Individuals react differently to stressful situations in the workplace. Some employees become fearless and unemotional, while others become volatile and unstable.
Organizations are often not prepared to help employees that don’t react predictably to adversity. When this happens, employee turnover and incidences of burnout increase and negatively affect the employee-organization relationship. To mitigate this, organizations need to be prepared to meet employees where they’re at.
The hurdle of glut
The last hurdle — known as the hurdle of glut — cautions organizations against over-relying on employee resilience. Too much of a good thing can have negative consequences, as one study about management processes demonstrated.
The study found that too much conscientiousness — another desirable trait at work — is negatively related to job performance. The same study also found that too much job enrichment (a source of employee motivation) was negatively related to psychological outcomes, like decreased motivation and increased emotional exhaustion.
Moderation and balance are crucial for ensuring that useful job traits, like resilience, aren’t used to the point of detriment. When resilience is overused, it can lead to what organizational psychology experts Tomas Chamorro-Premuzik and Derek Lusk call the dark side of employee resilience.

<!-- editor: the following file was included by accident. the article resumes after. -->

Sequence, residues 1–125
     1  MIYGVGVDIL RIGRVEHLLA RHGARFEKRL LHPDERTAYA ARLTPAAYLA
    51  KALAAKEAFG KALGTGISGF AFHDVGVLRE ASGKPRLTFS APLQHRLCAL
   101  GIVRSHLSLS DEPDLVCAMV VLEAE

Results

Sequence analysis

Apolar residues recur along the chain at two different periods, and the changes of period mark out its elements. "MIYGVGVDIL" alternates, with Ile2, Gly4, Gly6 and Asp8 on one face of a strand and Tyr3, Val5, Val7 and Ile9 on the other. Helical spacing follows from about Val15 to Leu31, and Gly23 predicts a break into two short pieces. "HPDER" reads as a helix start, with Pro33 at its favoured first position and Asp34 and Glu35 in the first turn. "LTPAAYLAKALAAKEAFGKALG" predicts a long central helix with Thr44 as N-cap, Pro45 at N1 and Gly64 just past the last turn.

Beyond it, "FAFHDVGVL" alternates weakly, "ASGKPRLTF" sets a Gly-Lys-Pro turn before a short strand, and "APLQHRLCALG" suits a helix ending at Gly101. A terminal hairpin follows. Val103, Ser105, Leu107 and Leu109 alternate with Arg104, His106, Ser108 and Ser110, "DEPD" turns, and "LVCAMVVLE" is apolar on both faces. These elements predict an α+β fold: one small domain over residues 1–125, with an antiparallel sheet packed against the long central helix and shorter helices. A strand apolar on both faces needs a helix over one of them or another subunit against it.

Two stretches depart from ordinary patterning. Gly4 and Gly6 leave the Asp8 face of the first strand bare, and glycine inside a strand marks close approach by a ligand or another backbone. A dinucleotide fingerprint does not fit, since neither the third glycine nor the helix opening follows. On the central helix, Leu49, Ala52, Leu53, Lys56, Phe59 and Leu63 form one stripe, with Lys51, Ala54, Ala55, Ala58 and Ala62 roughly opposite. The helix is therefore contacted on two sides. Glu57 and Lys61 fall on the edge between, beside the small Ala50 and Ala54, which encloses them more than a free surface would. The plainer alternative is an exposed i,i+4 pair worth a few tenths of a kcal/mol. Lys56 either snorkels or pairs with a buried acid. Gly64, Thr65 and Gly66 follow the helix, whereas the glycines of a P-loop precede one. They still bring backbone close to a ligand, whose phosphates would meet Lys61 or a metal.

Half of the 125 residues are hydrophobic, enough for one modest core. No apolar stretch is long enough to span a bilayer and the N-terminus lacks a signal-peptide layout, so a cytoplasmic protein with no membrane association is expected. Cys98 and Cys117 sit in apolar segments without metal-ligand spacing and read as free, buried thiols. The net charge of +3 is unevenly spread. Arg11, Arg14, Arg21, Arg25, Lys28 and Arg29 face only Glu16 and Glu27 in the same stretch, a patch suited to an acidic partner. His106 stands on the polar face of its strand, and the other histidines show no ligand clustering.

An organization that relies excessively on resilience for daily operations wastes valuable resources that should be reserved for actual threats. Organizations that spend too much time and energy adapting to challenges that don’t really exist can lead to a decline in an organizations capacity to maintain crucial operations.
Best practices in employee resilience
For resilience to be effective, it must be used intelligently. Managers must separate themselves from the discourse around resilience and offer more practical solutions to tackle organizational difficulties.
If employers do want to cultivate resilience in their employees, they need to realize that it’s a learned skill and, like any skill, it must be taught. It’s contradictory for organizations to demand resilience from their employees without teaching it or creating an environment that cultivates resilience.
Best practices in employee resilience require organizations to play an active role in the resilience process. Organizations must not only encourage, but also help employees withstand hardship and bounce back from adversity).
As argued by Liz Fosslien and Mollie West Duffy, who have written extensively about managing emotions at work, using one-on-one meetings, ensuring employees feel emotionally supported and taking the time to reflect on successes with your team are best practices for preparing employees to meet challenges head-on.
Another way organizations can build resilience in their employees is by helping them effectively manage stress and anxiety. Encouraging employees to get regular physical exercise, and teaching them relaxation techniques and effective coping mechanisms are all effective ways to decrease stress and build long-term resilience.